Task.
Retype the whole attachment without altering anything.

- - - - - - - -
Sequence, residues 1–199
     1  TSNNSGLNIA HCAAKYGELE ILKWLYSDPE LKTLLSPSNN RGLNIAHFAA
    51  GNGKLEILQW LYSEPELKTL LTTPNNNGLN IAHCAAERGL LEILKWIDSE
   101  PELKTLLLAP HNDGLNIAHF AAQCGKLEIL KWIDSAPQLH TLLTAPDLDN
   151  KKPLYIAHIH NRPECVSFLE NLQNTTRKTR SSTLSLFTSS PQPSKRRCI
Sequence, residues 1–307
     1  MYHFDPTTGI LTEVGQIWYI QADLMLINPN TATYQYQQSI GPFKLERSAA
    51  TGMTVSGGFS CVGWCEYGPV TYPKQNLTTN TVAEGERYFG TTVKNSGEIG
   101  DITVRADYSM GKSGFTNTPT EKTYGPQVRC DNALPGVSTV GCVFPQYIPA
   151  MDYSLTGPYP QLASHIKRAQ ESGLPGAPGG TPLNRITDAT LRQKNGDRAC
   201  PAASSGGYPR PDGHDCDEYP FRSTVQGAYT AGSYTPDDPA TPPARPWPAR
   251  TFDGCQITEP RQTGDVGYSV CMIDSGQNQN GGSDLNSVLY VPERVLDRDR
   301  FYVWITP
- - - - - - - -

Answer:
Sequence, residues 1–199
     1  TSNNSGLNIA HCAAKYGELE ILKWLYSDPE LKTLLSPSNN RGLNIAHFAA
    51  GNGKLEILQW LYSEPELKTL LTTPNNNGLN IAHCAAERGL LEILKWIDSE
   101  PELKTLLLAP HNDGLNIAHF AAQCGKLEIL KWIDSAPQLH TLLTAPDLDN
   151  KKPLYIAHIH NRPECVSFLE NLQNTTRKTR SSTLSLFTSS PQPSKRRCI
Sequence, residues 1–307
     1  MYHFDPTTGI LTEVGQIWYI QADLMLINPN TATYQYQQSI GPFKLERSAA
    51  TGMTVSGGFS CVGWCEYGPV TYPKQNLTTN TVAEGERYFG TTVKNSGEIG
   101  DITVRADYSM GKSGFTNTPT EKTYGPQVRC DNALPGVSTV GCVFPQYIPA
   151  MDYSLTGPYP QLASHIKRAQ ESGLPGAPGG TPLNRITDAT LRQKNGDRAC
   201  PAASSGGYPR PDGHDCDEYP FRSTVQGAYT AGSYTPDDPA TPPARPWPAR
   251  TFDGCQITEP RQTGDVGYSV CMIDSGQNQN GGSDLNSVLY VPERVLDRDR
   301  FYVWITP